Family Values

Two articles this past week that really moved me:

One. Family Misfortunes by Jamal Osman.

“Being an immigrant is like being the youngest child. You might be the weakest member in your newly adopted family, but you are often blamed for anything that goes wrong.”

OK, he may labour the analogy a little, but at one point he said something so simple and true:

“Don’t get me wrong. I enjoy living and working in the UK. Britain is now my home. But I get hurt and upset by the attitude of many here towards me and other immigrants.”

That’s it, in a nutshell.

Two. Slandering Britain’s Roma isn’t Courageous. It’s Racist by Gary Younge. As usual, not a wasted word, just blistering truth. Younge reminds me a lot of Ta’Nehisi Coates – here taking on the latest Zimmerman news.

After David Blunkett and Nick Clegg saw fit to stoke anti-Roma fears, while Jack Straw lamented Labour’s mistake (the only alleged mistake they ever seem sorry for) in letting in EU migrants from new accession countries, Nigel Farage applauded their bravery. As Younge points out:

“There is nothing courageous about slandering a group of impoverished, marginalised people. They’re too poor to sue and too isolated to effectively resist. There can be no comeback because they have no power, so where’s the courage? But there is everything racist about denigrating a group of people as though their shared ethnicity means shared values and implying collective responsibility for the actions of individuals in their community.”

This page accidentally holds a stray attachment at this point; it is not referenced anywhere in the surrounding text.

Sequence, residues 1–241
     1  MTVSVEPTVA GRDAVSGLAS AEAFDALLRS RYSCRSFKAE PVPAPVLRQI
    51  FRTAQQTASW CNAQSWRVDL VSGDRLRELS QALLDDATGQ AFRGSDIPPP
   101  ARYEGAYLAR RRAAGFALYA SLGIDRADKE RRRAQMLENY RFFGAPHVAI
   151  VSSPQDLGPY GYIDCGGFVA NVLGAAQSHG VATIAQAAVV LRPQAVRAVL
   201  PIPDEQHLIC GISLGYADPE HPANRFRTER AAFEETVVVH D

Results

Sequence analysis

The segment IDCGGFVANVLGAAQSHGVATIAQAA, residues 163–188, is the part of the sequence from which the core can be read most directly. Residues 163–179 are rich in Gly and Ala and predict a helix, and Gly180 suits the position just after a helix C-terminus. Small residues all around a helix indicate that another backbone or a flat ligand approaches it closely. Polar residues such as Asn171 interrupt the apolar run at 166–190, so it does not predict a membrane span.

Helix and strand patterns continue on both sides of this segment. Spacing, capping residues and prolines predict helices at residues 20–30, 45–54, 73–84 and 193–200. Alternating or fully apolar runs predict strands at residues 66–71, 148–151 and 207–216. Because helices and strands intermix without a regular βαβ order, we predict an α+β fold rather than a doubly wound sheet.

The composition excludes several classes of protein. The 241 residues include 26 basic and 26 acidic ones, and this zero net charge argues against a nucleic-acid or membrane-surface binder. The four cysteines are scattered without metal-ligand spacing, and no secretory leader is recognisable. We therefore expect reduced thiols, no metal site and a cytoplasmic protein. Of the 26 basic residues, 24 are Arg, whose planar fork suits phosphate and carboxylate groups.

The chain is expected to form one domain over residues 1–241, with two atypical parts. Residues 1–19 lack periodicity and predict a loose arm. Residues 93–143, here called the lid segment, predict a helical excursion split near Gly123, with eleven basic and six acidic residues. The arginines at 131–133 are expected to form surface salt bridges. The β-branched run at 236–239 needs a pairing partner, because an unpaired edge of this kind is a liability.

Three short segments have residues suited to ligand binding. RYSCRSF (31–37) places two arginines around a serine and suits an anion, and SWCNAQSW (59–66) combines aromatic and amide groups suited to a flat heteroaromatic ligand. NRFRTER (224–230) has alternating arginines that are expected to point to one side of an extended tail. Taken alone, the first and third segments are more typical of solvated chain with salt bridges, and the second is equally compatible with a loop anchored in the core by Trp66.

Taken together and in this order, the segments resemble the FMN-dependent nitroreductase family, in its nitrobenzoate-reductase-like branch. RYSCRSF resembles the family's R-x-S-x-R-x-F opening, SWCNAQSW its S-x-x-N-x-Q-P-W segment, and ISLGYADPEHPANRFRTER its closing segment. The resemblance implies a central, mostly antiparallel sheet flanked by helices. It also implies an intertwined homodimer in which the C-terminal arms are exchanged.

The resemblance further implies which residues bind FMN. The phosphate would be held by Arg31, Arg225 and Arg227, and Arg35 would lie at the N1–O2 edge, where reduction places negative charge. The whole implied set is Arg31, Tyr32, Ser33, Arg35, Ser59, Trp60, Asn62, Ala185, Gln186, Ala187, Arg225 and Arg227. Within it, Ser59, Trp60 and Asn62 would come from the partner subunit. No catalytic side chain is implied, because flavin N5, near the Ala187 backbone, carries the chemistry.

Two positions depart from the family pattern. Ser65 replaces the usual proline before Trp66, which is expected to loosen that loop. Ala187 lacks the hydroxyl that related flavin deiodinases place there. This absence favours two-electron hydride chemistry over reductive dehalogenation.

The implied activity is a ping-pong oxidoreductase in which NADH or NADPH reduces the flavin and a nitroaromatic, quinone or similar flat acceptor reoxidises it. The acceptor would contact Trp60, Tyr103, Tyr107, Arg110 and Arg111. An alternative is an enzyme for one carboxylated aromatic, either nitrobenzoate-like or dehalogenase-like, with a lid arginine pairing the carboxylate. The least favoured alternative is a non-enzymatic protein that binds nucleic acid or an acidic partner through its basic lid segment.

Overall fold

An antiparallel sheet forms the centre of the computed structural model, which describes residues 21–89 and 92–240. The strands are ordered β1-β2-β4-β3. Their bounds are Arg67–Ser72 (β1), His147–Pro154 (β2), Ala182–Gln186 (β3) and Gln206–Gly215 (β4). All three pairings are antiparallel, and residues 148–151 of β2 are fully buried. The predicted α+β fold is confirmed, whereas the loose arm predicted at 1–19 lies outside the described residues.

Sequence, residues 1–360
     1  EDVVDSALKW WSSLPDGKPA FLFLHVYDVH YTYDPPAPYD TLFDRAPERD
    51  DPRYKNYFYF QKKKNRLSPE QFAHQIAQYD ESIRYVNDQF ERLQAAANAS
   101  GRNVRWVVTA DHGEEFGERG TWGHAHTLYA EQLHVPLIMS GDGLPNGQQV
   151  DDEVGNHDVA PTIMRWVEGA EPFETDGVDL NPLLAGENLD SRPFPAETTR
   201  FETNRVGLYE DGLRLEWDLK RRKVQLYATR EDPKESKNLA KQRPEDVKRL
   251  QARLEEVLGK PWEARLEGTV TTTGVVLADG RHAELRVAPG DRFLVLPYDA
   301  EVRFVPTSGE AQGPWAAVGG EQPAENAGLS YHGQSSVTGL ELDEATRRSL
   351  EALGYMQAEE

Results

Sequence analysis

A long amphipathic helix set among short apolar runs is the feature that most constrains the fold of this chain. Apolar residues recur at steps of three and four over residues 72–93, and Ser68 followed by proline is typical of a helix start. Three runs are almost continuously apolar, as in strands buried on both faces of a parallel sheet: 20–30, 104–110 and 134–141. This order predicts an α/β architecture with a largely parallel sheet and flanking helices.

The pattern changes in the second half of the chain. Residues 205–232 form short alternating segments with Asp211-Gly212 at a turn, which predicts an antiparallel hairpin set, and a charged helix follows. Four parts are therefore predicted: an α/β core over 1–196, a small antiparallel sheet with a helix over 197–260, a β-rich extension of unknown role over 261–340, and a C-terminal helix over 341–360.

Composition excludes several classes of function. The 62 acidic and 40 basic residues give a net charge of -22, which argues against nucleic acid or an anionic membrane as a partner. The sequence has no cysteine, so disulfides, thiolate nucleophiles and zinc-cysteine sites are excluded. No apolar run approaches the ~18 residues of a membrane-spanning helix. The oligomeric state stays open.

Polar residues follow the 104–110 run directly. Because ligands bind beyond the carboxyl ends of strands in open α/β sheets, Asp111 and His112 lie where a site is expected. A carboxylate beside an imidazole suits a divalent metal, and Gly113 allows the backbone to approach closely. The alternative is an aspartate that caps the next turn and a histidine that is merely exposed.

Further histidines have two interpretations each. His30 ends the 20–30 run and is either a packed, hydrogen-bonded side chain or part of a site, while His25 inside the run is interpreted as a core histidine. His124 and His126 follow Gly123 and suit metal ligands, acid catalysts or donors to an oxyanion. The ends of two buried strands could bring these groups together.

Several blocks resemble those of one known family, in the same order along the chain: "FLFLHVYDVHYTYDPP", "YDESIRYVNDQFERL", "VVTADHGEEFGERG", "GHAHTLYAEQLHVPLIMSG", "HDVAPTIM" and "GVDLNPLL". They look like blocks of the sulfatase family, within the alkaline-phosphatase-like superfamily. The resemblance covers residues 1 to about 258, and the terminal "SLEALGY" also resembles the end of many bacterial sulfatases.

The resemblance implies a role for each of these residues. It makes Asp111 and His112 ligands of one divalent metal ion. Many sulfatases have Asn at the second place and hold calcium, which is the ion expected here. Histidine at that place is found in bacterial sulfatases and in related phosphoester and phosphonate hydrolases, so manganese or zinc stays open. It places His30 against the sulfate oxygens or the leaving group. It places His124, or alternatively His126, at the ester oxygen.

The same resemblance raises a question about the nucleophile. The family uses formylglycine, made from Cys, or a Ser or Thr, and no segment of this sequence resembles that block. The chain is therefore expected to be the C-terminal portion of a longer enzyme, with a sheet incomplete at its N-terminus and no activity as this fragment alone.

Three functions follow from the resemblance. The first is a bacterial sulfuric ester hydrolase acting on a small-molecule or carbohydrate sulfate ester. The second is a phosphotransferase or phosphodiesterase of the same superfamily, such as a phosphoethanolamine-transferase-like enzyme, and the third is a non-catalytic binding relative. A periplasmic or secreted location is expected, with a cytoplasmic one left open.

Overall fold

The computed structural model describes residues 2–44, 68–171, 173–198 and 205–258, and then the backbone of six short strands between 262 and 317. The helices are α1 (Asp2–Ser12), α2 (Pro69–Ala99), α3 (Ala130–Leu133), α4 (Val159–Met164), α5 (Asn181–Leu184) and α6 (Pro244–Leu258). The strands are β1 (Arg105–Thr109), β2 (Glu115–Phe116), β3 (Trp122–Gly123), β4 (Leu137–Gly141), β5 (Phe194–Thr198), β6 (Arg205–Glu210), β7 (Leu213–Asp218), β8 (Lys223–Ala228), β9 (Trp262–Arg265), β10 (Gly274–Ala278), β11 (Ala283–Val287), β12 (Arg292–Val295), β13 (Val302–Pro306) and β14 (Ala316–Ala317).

Politicians speak from a bully pulpit. That’s their right, but too often they use their platform to spout alarming rhetoric, lies and dodgy statistics (or misinterpreted statistics). So much of what is being done in the name of the immigration crackdown is allegedly targeted at the undocumented, or those perceived to be less desirable. We’re encouraged to think in terms of the “settled” immigrant community and “others.” But the truth is, what affects the most vulnerable of us should be a matter of concern for all of us.

At a public meeting I went to a few months ago, a British Asian local councillor told a story about his son who came home one day complaining about the “crowds” of illegal immigrants in London. He welcomed the Go Home campaign, he said and he didn’t much care how they went about it. (there are allegations of racial profiling, since you ask). His father replied:  “And what do you think the authorities see when they look at you? You are part of that crowd!”

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